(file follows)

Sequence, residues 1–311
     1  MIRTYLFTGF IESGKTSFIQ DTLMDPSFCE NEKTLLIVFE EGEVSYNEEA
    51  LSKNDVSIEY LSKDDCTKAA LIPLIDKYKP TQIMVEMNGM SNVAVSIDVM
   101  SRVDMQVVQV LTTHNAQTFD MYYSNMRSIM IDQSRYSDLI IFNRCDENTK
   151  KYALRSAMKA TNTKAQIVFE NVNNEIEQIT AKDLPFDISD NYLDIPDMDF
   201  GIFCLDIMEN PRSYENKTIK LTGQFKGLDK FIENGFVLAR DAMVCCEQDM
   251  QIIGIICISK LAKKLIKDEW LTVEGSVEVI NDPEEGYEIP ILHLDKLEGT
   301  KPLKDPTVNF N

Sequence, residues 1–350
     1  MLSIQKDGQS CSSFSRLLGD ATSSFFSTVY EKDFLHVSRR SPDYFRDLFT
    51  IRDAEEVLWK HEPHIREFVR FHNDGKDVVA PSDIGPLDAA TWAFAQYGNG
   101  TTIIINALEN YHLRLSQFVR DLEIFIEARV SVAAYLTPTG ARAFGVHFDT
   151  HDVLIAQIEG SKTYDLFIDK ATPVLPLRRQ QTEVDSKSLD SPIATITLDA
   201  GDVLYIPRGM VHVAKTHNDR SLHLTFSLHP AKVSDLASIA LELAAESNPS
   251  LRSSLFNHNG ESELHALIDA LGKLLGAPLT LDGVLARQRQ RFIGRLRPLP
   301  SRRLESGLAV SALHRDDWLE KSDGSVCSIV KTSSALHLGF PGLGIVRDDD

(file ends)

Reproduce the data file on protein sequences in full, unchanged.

Sequence, residues 1–311
     1  MIRTYLFTGF IESGKTSFIQ DTLMDPSFCE NEKTLLIVFE EGEVSYNEEA
    51  LSKNDVSIEY LSKDDCTKAA LIPLIDKYKP TQIMVEMNGM SNVAVSIDVM
   101  SRVDMQVVQV LTTHNAQTFD MYYSNMRSIM IDQSRYSDLI IFNRCDENTK
   151  KYALRSAMKA TNTKAQIVFE NVNNEIEQIT AKDLPFDISD NYLDIPDMDF
   201  GIFCLDIMEN PRSYENKTIK LTGQFKGLDK FIENGFVLAR DAMVCCEQDM
   251  QIIGIICISK LAKKLIKDEW LTVEGSVEVI NDPEEGYEIP ILHLDKLEGT
   301  KPLKDPTVNF N

Sequence, residues 1–350
     1  MLSIQKDGQS CSSFSRLLGD ATSSFFSTVY EKDFLHVSRR SPDYFRDLFT
    51  IRDAEEVLWK HEPHIREFVR FHNDGKDVVA PSDIGPLDAA TWAFAQYGNG
   101  TTIIINALEN YHLRLSQFVR DLEIFIEARV SVAAYLTPTG ARAFGVHFDT
   151  HDVLIAQIEG SKTYDLFIDK ATPVLPLRRQ QTEVDSKSLD SPIATITLDA
   201  GDVLYIPRGM VHVAKTHNDR SLHLTFSLHP AKVSDLASIA LELAAESNPS
   251  LRSSLFNHNG ESELHALIDA LGKLLGAPLT LDGVLARQRQ RFIGRLRPLP
   301  SRRLESGLAV SALHRDDWLE KSDGSVCSIV KTSSALHLGF PGLGIVRDDD